These super friendly, language casual, photo enticing and aiming to-grow-readership sites simply and thoroughly listed exactly what could be eaten with very little variation. That’s because the almost verbatim lists of can-do are infinitesimally smaller than the don’t-do. 

Despite the fact that these groups were a bit kinder, the echo of my first reaction returned loud and clear. “What? No. ” I moved on to the next logical level.

Second Step: Ignore a day or two or four, then revisit, and try to imagine physical behavioral compliance….

Despite studies and testimonials, I still dragged a dejected soul. From regular work lunchroom brown bagging to full-on celebrations, so much of life is about socializing with food. Going along for the fun and having an iced-tea would make me feel less left out. But, could I truly resist the ordering influenced by delicious aromas? Plus, not eating during these excursions would mean money could be reallocated from ‘dining out’ to ‘groceries.’

Yes, my budget is that specific. If you’ve been with me for a while, you know this. If you haven’t been with me for a while, well, now you know. I have yet to cover this topic in Knabble, although I have in previous forums. I think a side-track from this side-track may be in order, soon.

Quote for the Week:2017 11 28 just because something is good for you doesn_t jakorte

Enjoy this Week’s Discovery Links:

Lifestyle: Motivation

Lifestyle: Explaining Ketogenics

Lifestyle:  = Diet + Nutrition

 

 

Uncertain Pie

I did a test run, because no one wants to eat bad pie. Especially not on Thanksgiving.

Backtrack just a tiny bit to July of this year, when I discovered I was getting older. It’s not like it’s not an annual event. Yet, for some reason stringing them all together as the years go faster and faster was ne’er fore minded or after minded. Pretty much, not minded at all.

So, when a new specialist physician gave me orders that I couldn’t imagine they would be willing to follow themselves, I couldn’t imagine I’d be following them, either.

I’ve never attempted to keep two story lines going at once, before. Just know – there’s a new blog just around the corner, I am affectionately calling, “Keto-tonic.”

So, that’s how I ended up uncertain. My first attempt was a little knabble-fied, as usual. I miss-moshed a raved crust with a gloried filling from two different sources. Yes, I knew I was flirting with danger, but the description “Pumpkin Pie Cheesecake” assured me, it would taste just fine.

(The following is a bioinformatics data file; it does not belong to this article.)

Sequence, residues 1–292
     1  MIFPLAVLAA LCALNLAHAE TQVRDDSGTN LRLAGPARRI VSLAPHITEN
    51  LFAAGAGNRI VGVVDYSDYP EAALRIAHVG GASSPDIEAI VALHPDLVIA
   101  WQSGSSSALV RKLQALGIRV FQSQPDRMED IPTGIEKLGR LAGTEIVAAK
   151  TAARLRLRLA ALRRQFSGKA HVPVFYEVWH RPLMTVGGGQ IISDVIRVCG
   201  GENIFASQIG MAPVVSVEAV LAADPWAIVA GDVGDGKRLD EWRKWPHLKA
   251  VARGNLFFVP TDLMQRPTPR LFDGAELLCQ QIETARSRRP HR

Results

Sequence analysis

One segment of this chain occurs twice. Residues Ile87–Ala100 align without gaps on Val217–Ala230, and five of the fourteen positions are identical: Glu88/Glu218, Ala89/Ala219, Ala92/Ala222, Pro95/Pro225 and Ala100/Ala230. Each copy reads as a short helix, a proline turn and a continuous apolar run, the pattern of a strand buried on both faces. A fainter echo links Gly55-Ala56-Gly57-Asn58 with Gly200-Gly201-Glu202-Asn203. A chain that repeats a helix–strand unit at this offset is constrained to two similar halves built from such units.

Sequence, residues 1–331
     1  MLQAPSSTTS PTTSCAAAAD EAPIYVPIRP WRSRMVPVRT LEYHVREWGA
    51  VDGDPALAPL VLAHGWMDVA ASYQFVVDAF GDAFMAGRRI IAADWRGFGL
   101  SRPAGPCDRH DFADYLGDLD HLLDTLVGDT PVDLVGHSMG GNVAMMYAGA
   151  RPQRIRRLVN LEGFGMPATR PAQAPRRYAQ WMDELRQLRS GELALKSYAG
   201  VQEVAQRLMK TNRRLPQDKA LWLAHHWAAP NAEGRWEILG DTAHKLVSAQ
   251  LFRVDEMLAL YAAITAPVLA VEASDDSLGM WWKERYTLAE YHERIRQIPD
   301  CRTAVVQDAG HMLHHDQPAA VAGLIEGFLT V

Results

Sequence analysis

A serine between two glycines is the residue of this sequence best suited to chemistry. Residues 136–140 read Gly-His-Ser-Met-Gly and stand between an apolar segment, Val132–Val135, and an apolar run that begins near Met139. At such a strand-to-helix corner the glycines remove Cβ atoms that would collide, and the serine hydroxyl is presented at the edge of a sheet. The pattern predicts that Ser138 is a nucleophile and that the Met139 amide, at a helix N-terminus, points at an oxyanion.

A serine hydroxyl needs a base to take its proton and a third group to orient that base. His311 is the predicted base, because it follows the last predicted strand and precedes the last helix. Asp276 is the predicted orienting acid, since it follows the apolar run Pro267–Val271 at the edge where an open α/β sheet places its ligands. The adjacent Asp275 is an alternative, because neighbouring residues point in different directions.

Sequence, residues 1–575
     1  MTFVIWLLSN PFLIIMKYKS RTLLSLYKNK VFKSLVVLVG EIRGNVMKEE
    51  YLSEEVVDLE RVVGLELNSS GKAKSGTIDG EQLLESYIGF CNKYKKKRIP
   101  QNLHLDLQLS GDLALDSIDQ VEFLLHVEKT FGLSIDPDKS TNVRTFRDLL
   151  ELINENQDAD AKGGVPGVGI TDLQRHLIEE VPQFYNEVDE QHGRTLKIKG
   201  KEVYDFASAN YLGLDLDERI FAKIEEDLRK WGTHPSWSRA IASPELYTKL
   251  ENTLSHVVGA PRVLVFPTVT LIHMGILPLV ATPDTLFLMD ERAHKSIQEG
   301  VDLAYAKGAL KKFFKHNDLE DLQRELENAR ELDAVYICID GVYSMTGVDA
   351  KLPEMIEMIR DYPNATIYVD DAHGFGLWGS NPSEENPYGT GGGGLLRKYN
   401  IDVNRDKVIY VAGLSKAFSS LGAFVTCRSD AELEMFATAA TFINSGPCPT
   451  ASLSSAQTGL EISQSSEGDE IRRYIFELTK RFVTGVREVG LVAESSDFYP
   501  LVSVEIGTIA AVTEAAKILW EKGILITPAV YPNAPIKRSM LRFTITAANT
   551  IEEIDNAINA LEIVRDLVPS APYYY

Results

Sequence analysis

I also, might have tried to use the ingredients for one filling and the instructions/cooking directions for another. And maybe, I assumed I knew what I was doing when I mixed all the filling ingredients together instead of layering them as one version explained.

You know, it came out ok. Not at first bite, nor the second. By the third tentative taste, I felt I’d come close to a restricted diet dessert I would be willing to share without embarrassment. Just to be certain, I enlisted samplers. They didn’t not eat it, so that was encouraging. They also, didn’t leave any to slide into the garbage bin, which was also uplifting. We all agreed, it could use more spice. They helped me figure out that it’s better to be upfront about the non-traditional crust.

I was still a little uncertain whether this culinary creation would be acceptable for Thanksgiving. After a day of debate, I decided to go ahead and make another one, following the instructions at least a little more closely. The second round began tonight and is still the oven….

Instead of an unfirm cheese-cakey-pumpkin mash-up filling, I layered as I was supposed to originally. 2/3 of the cheese base mixture went straight into the pre-cooked almond-flour crust. The remaining 1/3 combined with the pumpkin carefully set atop. The purple pie plate kinda hindered my determining if I’ve achieved any real separation. As to whether this time I’ve achieved the correct custard consistency… the proof will be in the pudding, as they say.

The thing is, if you’ve got no expectations, it’s really good.

If you explain that the almond crust isn’t flaky and adds its own flavor flare:

If you don’t explain it’s supposed to be precisely layered just in case it comes out marbled:

If you don’t offer it up specifically as Pumpkin Cheesecake Pie: you’ll be better off.

I think. I hope. I’m not certain.

 

(I’m bringing my full-sugar, un-monkeyed with, homemade cranberry sauce, as back up.

And I’m certainly thankful I’ll be sharing both with family.)

Quote for the Week:2017 11 21 Baking requires certainty jakorte

Enjoy This Week’s Discovery Links:

Cranberry Sauce: How I do it

Pumpkin Cheesecake: How I didn’t do it

Keto Pumpkin Cheesecake Filling: How I kinda did it

Almond Flour Crust: How I kinda did it (2)